Trump - NATO

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#1
I confess, while I cannot stand Trump, I also have to admire his challenging NATO (though he definitely could have gone about it in a reasonable and mature way, which naturally he didn't). Mainly, I'm struggling to determine why we need NATO anymore, since it's creation was intended to resist a Soviet Bloc invasion of Europe, the Soviet Union is no more, and a Russian invasion of Europe seems absurd.

Trump's diplomatic blustering and bungling, no matter which way you slice it, may just serve to hide the real issues here - again...

An article discussing this..

https://www.thedailybeast.com/anger-and-disgust-as-trump-blows-up-nato-summit?ref=home
 

TopT

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#2
Yep, exactly what Comrade Putin wants. Americans thinking that Europe should be on its own. Trump will do his bidding and sow as much doubt as possible.

Ask the people living in the Baltics (IE: Nato member) if they think we don't need Nato? The cyber attacks (in the Baltic countries) going on right now are exactly the same as was used in the Crimea and Ukraine prior to the invasion of both of those countries.
 

zgrose

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#4
By invasion of Europe, exactly which countries are in Europe and if they just get annexed is that a mission success or mission fail?

Alternatively, what’s the benefit to leaving a military alliance that we regularly use to carry our American interests abroad?

If the idea is to diminish our soft power in favor of shipping our tanks and Marines through unaligned waters when our interests are threatened, I guess leaving NATO makes sense. But that seems to be horrible strategy.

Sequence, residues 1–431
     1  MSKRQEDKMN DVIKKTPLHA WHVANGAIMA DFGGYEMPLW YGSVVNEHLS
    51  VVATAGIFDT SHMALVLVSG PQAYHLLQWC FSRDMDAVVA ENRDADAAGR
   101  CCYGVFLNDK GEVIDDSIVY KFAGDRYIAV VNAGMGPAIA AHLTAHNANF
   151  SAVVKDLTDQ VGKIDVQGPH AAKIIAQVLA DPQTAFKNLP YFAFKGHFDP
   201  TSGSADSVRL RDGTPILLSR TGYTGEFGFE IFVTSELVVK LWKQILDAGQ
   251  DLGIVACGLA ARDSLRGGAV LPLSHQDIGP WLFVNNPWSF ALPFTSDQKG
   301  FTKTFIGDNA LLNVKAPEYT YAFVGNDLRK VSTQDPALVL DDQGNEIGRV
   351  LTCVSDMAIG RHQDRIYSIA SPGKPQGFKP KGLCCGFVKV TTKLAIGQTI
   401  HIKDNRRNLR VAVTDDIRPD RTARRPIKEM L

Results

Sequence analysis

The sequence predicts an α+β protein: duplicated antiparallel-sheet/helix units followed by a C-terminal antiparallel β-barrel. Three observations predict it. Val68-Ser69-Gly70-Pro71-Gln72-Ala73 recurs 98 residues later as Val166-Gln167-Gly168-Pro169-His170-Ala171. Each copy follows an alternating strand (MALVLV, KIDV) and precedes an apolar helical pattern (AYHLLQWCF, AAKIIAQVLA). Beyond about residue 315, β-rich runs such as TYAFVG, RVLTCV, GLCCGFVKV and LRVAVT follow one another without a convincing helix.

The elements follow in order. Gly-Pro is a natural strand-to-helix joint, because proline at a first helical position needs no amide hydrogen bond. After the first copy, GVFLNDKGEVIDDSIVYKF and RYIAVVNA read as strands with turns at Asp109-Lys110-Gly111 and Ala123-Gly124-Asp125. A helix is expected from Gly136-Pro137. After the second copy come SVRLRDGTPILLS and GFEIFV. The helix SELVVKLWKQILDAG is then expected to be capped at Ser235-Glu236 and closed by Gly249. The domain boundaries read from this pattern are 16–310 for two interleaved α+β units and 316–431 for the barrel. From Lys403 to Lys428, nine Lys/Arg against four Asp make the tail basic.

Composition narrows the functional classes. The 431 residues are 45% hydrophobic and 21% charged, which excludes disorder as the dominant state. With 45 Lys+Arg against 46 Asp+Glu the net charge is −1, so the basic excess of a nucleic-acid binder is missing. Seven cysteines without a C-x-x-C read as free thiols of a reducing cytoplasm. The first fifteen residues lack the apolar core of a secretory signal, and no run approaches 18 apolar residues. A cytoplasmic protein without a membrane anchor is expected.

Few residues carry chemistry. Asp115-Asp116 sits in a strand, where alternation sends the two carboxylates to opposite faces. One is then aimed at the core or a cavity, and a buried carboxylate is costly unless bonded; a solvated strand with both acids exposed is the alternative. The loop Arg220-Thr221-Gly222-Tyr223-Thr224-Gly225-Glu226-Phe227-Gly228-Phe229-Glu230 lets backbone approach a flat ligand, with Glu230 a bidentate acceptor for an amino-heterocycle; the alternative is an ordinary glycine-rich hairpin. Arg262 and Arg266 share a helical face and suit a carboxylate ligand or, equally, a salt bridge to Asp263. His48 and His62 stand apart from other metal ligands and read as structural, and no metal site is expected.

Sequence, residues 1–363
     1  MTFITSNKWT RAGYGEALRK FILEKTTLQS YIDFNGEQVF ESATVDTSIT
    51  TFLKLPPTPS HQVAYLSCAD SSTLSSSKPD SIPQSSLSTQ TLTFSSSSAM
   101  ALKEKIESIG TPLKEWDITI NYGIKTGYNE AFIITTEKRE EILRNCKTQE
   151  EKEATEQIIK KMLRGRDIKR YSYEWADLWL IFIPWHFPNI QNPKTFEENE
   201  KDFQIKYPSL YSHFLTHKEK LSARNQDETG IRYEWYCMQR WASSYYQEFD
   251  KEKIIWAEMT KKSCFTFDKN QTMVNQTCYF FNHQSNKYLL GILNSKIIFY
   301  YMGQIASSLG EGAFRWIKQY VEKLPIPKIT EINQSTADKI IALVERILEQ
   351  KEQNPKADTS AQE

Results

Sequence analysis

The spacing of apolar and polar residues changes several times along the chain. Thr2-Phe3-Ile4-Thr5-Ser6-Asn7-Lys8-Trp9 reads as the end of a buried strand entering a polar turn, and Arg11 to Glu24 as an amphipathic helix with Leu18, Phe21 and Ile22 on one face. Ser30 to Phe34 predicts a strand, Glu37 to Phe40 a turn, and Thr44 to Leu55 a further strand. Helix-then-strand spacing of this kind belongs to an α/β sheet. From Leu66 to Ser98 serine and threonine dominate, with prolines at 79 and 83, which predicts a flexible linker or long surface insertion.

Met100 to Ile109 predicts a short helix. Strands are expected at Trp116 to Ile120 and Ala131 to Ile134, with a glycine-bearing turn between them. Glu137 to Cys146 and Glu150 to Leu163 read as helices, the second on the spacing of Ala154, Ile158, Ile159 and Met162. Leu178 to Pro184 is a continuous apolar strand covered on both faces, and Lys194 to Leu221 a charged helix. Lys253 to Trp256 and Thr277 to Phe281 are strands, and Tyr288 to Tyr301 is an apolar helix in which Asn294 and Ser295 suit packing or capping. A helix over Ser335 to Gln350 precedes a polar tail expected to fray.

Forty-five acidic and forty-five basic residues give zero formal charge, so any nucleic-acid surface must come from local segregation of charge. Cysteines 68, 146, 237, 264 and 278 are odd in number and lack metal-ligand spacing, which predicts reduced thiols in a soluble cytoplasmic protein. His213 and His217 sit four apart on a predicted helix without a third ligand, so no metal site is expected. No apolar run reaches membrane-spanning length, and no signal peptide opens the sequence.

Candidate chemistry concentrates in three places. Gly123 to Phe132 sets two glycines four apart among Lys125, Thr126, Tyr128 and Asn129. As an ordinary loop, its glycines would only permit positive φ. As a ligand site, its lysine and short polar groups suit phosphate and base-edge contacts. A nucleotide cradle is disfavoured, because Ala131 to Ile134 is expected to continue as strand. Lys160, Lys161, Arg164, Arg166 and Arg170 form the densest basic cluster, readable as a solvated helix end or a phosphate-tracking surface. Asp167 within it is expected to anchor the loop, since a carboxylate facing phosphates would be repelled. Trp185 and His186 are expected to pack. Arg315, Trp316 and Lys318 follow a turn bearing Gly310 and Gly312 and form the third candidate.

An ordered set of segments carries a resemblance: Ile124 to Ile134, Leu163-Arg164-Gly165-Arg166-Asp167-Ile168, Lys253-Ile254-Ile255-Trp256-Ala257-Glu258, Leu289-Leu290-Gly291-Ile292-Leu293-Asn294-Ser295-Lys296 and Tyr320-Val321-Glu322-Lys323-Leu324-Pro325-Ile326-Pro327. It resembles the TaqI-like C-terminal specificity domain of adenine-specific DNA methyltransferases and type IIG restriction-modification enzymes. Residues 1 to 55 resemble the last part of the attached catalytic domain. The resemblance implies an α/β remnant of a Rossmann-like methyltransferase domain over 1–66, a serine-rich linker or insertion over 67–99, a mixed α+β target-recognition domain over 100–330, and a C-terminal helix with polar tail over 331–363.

Sand Bar Bill

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#5
I am all for staying in NATO generally, and if money wasn't an issue also maintain the presence we have there. But we need to draw down forces to save money. Not cut social security or medicare.
 
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#6
I am all for staying in NATO generally, and if money wasn't an issue also maintain the presence we have there. But we need to draw down forces to save money. Not cut social security or medicare.
What happen to your concern about the debt? If you were really concerned about our debt, you would want defense saving plus social security and medicare. Maybe your concern isn't quite the concern you portray?
 
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#7
Color me skeptical about Russia's intent to invade and conquer. We're being played just like we were in the 50's, 60's, 70's, 80's - 'The Russians Are Coming!'.

They didn't attack Europe even when they were allied with the Eastern European countries of Poland, East Germany, Yugoslavia, etc.. and when their military (on paper) represented a massive force. Now, Russia spends about 1/10 of the amount of $$ the US spends on their military, and if you add the UK, Germany, and France to America's expenditures - Russia spends 8% of that total amount. In 2018, Russia decreased their military spending by 18% from 2017. Hardly a Russian recipe for a successful attack on NATO.